Interviews are your chance to make a strong impression on a company. It is your moment to show off your skills and knowledge. But we often find ourselves using the same terms as everyone else while trying to stand out.
How can you make sure you aren’t using all the same tricks as the others? Below, 10 professionals offer alternatives for saying, “I am confident I would be a great candidate.”
FOCUS ON YOUR ROI
Leave the interviewer with something to think about instead of just blurting out such an unimaginative statement. I would suggest a candidate remind the interviewer of their return on investment or ROI. Reiterate a few key facts about their previous successes, then segue into a statement of how they would be an asset in the position and for the company should they decide to hire you. This often triggers the interviewer to visually see how a candidate’s skills and talents will benefit their organization.
LT Ladino Bryson, vCandidates.com
SUBSTITUTE THE ADJECTIVE
Everyone is confident that they will be a good candidate –that is why they applied for the job. However, if you want to stand out, you have to find an alternative way to express that. Here are a couple of examples:
- My current abilities match the needs and goals of this position.
- I am devoted and qualified to fulfill the job requirements for this position.
Court Will, Will & Will
STORIES ARE GREAT SYNONYMS
Instead of saying “I would be a great candidate,” share a story that demonstrates why you’re the best candidate. Whenever I’m in interviews and a candidate makes a claim like “I’m a great candidate” or “I’m a fast learner,” I don’t believe them. Interviewers like me need to be convinced, persuaded and moved. Stories are wonderful synonyms to accomplish that objective.
Brett Farmiloe, Markitors
DON’T JUST SAY WHAT YOU ARE, SHOW IT
The most successful candidates not only say what they are, but they also show it. In this case, the best alternative to saying you are a great candidate would be something like “I know your priority is X in the next six months and here are three examples of how I did exactly X.” This statement, and showing how you actually align with an organization, is a massive contribution that will set you apart from the hundreds or even thousands of other candidates.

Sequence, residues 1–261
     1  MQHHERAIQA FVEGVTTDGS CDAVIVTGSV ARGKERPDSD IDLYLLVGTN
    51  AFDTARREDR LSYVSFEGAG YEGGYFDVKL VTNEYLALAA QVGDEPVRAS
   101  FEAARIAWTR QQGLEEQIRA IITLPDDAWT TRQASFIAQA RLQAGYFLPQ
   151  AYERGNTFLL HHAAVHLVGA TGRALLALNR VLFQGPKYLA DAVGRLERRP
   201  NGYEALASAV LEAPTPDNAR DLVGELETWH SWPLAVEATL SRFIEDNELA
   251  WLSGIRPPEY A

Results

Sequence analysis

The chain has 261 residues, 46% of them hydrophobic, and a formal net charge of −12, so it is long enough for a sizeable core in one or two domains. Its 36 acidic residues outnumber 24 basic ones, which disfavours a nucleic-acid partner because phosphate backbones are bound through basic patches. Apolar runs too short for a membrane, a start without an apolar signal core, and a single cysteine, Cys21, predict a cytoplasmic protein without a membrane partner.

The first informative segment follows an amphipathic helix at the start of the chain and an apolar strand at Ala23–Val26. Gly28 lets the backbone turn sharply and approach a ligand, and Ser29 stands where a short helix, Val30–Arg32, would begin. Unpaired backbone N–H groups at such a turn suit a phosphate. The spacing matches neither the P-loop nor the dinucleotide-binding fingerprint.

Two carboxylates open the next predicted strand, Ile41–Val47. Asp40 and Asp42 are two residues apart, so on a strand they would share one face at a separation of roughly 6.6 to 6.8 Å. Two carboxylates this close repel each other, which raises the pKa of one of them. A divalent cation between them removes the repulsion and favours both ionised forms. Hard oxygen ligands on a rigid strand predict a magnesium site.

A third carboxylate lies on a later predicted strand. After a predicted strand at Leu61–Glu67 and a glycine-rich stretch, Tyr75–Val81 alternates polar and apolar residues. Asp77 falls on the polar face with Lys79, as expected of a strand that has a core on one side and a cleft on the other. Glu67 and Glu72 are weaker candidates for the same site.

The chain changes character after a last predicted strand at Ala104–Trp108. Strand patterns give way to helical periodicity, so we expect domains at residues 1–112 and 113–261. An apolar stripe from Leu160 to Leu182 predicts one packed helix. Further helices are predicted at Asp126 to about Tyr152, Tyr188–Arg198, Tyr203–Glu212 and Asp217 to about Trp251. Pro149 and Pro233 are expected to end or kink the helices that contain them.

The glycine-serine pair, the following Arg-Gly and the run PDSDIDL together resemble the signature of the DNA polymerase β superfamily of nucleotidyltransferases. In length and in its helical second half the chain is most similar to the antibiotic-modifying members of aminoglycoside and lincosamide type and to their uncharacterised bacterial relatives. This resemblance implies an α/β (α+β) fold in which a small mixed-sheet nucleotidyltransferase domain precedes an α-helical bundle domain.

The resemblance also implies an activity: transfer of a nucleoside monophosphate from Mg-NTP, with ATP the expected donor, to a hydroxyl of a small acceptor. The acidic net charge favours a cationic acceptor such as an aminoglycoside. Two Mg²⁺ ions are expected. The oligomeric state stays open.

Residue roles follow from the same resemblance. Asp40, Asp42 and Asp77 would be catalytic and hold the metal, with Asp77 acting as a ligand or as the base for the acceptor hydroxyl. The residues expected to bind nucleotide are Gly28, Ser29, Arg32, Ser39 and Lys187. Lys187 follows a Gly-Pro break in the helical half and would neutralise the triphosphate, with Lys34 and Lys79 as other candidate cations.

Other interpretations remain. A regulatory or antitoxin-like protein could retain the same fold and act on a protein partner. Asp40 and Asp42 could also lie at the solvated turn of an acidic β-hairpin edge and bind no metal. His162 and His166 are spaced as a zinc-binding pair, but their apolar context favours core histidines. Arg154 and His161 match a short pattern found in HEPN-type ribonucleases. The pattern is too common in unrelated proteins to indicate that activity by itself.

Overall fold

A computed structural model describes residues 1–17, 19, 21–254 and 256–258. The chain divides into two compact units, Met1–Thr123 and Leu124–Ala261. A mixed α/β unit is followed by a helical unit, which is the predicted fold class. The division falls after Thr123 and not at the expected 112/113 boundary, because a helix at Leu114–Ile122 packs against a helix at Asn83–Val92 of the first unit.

Michael Alexis, Teambuilding
PORTRAY CONFIDENCE WITHOUT SHOWING IT
A candidate can say, “My relevant skills will make me a resourceful addition to your organization.”
Recruiters are always looking for manpower that fits their demands as closely as possible.
Therefore, a candidate should portray confidence without mentioning it. They should tell the potential employer straight to their face that they are qualified to do the job just like it should.
James Jason, Mitrade
DESCRIBE SPECIFIC ACCOMPLISHMENTS
Hiring managers often ask, “What makes you a good candidate for this position?” to see if you are aware of how your unique skills, experience and education align with the position’s responsibilities and duties. Candidates should be ready to explain why they’re a good fit for the position and organization, describing specific accomplishments and distinctive characteristics that will add value to the company.
Mark Christensen, People & Partnerships
TIE IN YOUR PREVIOUS EXPERIENCE
Outline how your previous experience ties in with the job you have applied for and how it can help you excel in the role quickly. Make sure to be specific about situations that give you a unique experience related to this particular role. For example, my background is in eCommerce. If I applied for a position in another Internet company, I’d talk about the fact that I’ve worked in eCommerce for 8+ years, including 6.5+ at Amazon and how my previous experience is highly relevant, including projects I worked and so on.
Ahmed Mir, Nature and Bloom
PUT YOURSELF IN THE ROLE
As a current job seeker, I often say, “Taking into account my work history, education & personal skill set, I can confidently see myself actively thriving (at your company), a place that it would be an honor to contribute to its mission.”
Meghan Chayka, Assistant Buyer
LEAD WITH AN EXAMPLE
Always use examples to prove your value. Instead of saying, “I am confident I would be a great candidate,” say, “My experience in X will make me an excellent addition to Y because of Z.” Not only are you still stating your value, but you are also now providing examples of that value. Stories and examples are great ways to illustrate skills that will help you stand out from other candidates.
Denise Gredler, Best Companies Arizona
TELL THEM WHAT YOU CAN DO FOR THEM
If you’ve already mentioned it, mention it again. The idea here is to be as specific as possible, rather than using the generic “I am confident that I would be a great candidate.” For example, tell them that you would be able to provide valuable marketing insights by helping them grow their social media following to give actionable items on how you would be a great candidate.
Ryan Nouis, TruPath